In my experience, most BMW overheating is simply caused by pressure leaks. BMW nearly always uses a relatively high-pressure cooling system. This has several significant advantages: lighter weight, smaller surface area, cheaper replacement costs and higher efficiency.
Since there is no free lunch, these compromises also result in many significant disadvantages: short service lifespan, low tolerance for fatigue, multiple points of failure, poor survivability. BMW’s choice of cheap materials exacerbates the problem: aluminum/plastic radiators with silicone seals, vinyl profile gaskets, square-section sealing rings, and poorly-designed plumbing leads to tremendous problems with their used cars. Mostly all the DOHC cars from 1990-onward suffer from these problems to a greater or lesser degree. It’s a severe design problem that BMW has ignored, shabbily throwing the blame and cost onto owners for decades. They’ve never admitted fault, nor been content to solve these designed-in problems. Despite all that, I don’t mind it. I’ll readily admit that I take advantage of BMW’s massive used car depreciation. If you understand the cause, it’s not a problem. Everyone’s fear of expensive BMW repairs is an essential part of my method to own cheap second-hand luxury cars. That comes with some caveats: I would STRONGLY advise you to avoid the V8s, and stay well ahead of I6 pressure leaks!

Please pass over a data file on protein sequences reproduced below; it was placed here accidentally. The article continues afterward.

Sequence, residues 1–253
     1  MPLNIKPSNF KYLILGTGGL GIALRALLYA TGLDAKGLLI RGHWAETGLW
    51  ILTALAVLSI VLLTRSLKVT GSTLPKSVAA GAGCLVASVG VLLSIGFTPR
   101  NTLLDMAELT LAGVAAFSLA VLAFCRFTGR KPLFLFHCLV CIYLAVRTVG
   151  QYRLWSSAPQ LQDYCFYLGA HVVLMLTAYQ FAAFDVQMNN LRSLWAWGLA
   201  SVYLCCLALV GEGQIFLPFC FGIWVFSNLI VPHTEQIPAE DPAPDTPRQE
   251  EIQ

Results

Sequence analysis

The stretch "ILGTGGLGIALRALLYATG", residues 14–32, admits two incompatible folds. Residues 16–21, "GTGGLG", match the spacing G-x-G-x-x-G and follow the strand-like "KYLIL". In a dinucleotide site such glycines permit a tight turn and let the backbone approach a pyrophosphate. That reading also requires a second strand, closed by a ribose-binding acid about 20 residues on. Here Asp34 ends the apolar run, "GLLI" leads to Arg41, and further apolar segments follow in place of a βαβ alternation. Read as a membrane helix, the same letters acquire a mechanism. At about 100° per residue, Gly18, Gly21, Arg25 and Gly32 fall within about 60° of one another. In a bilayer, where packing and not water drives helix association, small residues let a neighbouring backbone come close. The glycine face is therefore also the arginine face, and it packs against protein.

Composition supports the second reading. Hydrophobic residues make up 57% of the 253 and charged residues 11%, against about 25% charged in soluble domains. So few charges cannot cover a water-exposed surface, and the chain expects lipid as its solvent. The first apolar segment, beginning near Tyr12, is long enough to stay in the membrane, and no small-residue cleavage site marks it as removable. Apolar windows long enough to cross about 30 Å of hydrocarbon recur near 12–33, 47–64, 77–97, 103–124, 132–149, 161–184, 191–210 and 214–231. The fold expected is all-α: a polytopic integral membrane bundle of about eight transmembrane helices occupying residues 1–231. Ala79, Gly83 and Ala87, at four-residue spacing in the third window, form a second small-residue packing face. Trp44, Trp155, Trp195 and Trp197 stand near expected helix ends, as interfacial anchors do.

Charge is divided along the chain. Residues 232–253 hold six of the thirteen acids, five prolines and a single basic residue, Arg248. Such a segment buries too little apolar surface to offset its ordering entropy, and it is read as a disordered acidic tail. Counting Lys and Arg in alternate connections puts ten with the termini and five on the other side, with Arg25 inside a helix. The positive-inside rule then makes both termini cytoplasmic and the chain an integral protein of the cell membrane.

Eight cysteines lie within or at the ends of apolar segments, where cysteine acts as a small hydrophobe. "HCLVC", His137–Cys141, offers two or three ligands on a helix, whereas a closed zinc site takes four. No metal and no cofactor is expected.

It’s a good idea to refurbish the system every 75K miles or so. If this seems ridiculous, just think of the advantages: light weight, cheap replacement costs, high efficiency. There are also some other less savory advantages…the evil reputation that BMW has gained for overheating truly helps to keep values low. Take advantage of this situation; BMWs are very cheap to run if you’re willing to do the work.
So spend the money on a pressure tester. Test and verify before proceeding.
Once you’re sure the system holds pressure, you can proceed. I’ll also let you in on a little secret…Dave’s fool-proof coolant mix! It’s easy. Get yourself a large bucket, one gallon of Zerex G05 European-type anti-freeze/coolant and a bottle of surfactant like RedLine WaterWetter. You’ll also need two gallons of distilled water. Mix them all together in the bucket, adding enough surfactant for three gallons of anti-freeze mix (I use the entire bottle). The end result is a more dilute 33% mixture of anti-freeze that is both cheaper and more effective. Higher concentrations of water actually improve heat transfer, and the lower viscosity makes bleeding a snap. YMMV…I’d recommend a higher-strength mixture if your climate is harsher than Pittsburgh’s relatively mild 40 degrees north latitude.
Another part of Dave’s fool-proof coolant mix is using a bit of Sil-Glyde silicone lubricant (like this NAPA branded version) for all these plastic & vinyl connections. You really don’t need much. It really helps to install connections, spreads hose clamping forces well, and seems to resist aluminum electrolytic corrosion.